Evaluating Clients, Non-Clients

It was great seeing so many familiar faces last week at the ASI Show in Orlando. What a nice way to start off the new year. The weather was colder than expected, but the training and the attendance were hot, hot, hot!

I ran into a lot of people I’ve known for a long time and it got me thinking about the tremendous difference between clients, non-clients and former clients. And it’s a lesson I think we should all take to heart.

I’m back in the office this week for a quick break in the action before heading out to Las Vegas next week for the training sessions I’m conducting at the PPAI Expo, then off to Dallas the following week for my presentations at the next ASI Show.

While the travel schedule can be hectic, I love being at these events, making the presentations and interacting with our clients and members.

Each year, I see a lot of people I know including clients, former clients and non-clients.

If you’ve been in sales or business for any length of time, you see and know people like this as well.

Starting with:

Your active clients: These are the people who benefit from the services you offer on an ongoing basis. They order from you regularly and form the foundation of your customer base. They can count on you, and you can count on them. These are the people we’re constantly looking for in business: Loyal clients who get what we do and who appreciate the value we bring to the table. Make no mistake, these are the people we’re in business for.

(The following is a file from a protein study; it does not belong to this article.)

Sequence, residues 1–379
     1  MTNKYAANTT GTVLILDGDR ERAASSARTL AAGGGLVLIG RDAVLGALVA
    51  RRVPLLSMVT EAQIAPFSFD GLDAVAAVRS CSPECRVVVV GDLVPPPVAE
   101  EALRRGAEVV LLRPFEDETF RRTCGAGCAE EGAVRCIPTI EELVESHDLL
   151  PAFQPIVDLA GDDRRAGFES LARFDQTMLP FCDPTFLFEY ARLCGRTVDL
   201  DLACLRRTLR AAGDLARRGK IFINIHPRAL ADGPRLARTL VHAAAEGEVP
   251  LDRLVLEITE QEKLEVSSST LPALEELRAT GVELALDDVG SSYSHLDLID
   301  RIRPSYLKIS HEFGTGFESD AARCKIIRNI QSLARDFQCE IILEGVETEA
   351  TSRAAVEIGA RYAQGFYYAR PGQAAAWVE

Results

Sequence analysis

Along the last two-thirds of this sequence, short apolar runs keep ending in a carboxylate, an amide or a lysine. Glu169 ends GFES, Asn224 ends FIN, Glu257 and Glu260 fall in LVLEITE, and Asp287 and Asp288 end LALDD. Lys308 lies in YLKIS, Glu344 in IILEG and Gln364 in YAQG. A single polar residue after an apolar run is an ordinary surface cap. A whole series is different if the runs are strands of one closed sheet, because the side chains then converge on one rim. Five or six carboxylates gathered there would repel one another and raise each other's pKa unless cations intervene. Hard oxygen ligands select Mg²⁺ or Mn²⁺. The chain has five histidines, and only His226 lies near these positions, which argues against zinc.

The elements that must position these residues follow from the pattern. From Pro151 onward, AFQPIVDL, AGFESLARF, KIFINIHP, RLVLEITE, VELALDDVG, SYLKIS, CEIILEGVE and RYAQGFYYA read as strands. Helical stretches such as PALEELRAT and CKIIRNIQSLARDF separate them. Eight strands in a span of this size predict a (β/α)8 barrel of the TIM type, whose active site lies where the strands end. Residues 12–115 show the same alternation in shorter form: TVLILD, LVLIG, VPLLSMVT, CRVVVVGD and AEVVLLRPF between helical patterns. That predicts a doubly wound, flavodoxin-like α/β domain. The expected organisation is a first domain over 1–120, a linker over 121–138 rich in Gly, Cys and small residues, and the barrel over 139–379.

Second: Non-clients. Those who, for whatever reason, have never purchased from us and most likely never will. Many non-clients are happy to pick our brains and take advantage of whatever tips, advice, ideas, services or benefits we’re willing to offer them for free. But they will not spend any money with us, at all — ever. For that reason, one of the most critical and important prospecting skills we can develop is the ability to quickly identify non-clients, so we can prevent them from distracting our focus, tapping our resources and wasting our time.

Third: Former clients. People who at one point or another found enough value in our work to pay us for that value, but for whatever reasons, no longer do. If you’re like me, you appreciate former clients. You’re happy that you were able to be a part of their world and they were able to be a part of yours.

I’m really fortunate, because many of my former clients still get tremendous value from purchases they made from me years ago. One former client who I helped though a difficult time told me last week that he was able to get his mortgage paid off in 2017, he’s on track to do nearly a million in sales and he still uses our Getting Started program to train all his new reps. One of our AIM SmartEQP members was telling me last week how he’s been using our Customer Acquisition program to bring in new clients for years. He told me he’s launched more than 20 customer acquisition campaigns and it works for him every time — meaning that the most successful campaigns get him a lot of customers and the least successful campaigns still get him customers, but also show him exactly where things are going wrong, so he knows what to fix.